The decibel (dB), named for Alexander Graham Bell, spent much of its life as a ratio of two signal powers for describing audio and RF levels. Now it is commonly used in signal integrity to characterize signal losses and reflections in transmission channels that carry digital signals.
As a result, digital designers -- the ones who attend DesignCon -- have had to learn about this analog concept.
All of this week's questions come from "dB or not dB? Everything You Ever Wanted to Know About Decibels But Were Afraid to Ask," an application note from Rohde & Schwarz (registration required). As usual, the answers appear on the last page. Following the answers, you'll find links to relevant articles, including "How to think in dB" by Eric Bogatin. Sorry, but you'll have to go to the last page for the link. You didn't think I'd let you off that easily, did you?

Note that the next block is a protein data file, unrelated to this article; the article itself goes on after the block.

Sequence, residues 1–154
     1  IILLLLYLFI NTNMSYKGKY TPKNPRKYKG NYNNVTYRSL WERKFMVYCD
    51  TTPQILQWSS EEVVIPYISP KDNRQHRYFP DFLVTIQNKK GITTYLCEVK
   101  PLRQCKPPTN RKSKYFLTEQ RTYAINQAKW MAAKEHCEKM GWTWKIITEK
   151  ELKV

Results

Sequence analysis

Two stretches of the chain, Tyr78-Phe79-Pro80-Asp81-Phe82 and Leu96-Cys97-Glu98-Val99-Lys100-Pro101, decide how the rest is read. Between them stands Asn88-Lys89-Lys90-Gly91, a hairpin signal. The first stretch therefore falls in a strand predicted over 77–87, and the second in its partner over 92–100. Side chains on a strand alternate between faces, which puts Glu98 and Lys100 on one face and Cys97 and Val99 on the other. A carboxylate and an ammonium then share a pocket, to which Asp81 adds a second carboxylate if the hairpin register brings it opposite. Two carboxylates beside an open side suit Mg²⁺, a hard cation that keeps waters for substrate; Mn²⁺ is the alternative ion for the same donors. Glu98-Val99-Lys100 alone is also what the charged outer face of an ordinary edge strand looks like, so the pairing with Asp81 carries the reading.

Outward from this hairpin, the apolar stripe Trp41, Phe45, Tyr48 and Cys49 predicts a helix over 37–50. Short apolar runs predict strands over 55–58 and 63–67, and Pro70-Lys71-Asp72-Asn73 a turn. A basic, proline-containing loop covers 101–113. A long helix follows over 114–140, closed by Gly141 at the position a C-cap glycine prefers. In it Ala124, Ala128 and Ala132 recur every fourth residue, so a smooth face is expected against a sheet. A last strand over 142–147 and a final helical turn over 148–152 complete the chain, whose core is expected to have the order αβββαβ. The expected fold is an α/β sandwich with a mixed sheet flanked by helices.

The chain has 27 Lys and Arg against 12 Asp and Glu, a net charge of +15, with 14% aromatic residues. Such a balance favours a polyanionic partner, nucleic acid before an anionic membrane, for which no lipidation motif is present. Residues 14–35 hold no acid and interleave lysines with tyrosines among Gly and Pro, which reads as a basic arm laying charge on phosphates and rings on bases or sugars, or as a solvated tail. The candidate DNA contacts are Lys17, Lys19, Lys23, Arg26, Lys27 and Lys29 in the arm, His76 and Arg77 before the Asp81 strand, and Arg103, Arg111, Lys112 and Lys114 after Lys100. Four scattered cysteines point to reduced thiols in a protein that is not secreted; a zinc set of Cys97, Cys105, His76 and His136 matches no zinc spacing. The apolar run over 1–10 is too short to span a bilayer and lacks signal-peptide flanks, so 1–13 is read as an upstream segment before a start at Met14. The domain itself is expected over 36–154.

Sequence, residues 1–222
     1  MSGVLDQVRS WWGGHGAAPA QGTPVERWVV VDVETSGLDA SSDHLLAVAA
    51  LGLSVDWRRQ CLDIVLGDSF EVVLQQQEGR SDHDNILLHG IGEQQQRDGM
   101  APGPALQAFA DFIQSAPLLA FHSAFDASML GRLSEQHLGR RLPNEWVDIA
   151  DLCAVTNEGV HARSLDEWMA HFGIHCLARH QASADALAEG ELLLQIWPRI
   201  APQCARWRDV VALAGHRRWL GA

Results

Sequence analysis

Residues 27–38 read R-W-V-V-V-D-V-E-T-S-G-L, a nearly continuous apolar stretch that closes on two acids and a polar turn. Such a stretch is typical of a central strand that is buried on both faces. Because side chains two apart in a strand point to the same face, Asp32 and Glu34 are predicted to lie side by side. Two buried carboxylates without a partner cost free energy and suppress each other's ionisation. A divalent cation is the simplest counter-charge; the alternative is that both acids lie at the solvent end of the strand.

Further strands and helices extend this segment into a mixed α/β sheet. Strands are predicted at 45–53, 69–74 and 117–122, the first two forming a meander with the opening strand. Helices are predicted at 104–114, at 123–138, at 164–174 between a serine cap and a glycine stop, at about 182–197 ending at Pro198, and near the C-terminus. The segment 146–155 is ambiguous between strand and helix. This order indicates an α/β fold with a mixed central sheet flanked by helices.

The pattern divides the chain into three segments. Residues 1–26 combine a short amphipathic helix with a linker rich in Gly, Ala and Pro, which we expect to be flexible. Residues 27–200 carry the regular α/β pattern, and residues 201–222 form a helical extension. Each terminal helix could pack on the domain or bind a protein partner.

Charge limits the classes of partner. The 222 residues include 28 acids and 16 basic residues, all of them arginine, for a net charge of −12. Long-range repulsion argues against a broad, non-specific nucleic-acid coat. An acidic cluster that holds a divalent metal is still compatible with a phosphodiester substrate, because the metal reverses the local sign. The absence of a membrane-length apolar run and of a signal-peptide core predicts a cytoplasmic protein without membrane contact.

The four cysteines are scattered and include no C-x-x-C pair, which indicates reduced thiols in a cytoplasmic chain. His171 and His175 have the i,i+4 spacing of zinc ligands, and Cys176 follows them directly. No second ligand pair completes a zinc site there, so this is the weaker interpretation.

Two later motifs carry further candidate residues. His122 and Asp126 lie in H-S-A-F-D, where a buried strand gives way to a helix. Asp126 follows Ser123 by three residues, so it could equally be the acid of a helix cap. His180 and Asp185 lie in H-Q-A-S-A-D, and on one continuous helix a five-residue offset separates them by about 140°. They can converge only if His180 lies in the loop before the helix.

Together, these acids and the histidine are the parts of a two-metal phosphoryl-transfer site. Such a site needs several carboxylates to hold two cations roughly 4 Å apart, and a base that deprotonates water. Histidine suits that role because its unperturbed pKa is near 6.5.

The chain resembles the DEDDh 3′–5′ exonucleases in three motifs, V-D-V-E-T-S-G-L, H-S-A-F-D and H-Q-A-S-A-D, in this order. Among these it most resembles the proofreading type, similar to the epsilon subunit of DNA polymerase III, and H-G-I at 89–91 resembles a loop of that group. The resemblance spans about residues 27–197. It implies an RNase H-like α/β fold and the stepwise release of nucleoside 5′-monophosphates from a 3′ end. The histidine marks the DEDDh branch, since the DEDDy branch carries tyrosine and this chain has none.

Good luck, and may you have the power to get a perfect score. If not, then follow the link above, but beware: You'll have to browse through all 35 pages to find what you seek. I did.
1. A voltage level of 120 dBµV has a voltage of:
- 1 nV
- 1 µV
- 1 mV
- 100 mV
- 1 V
- 1.2 V
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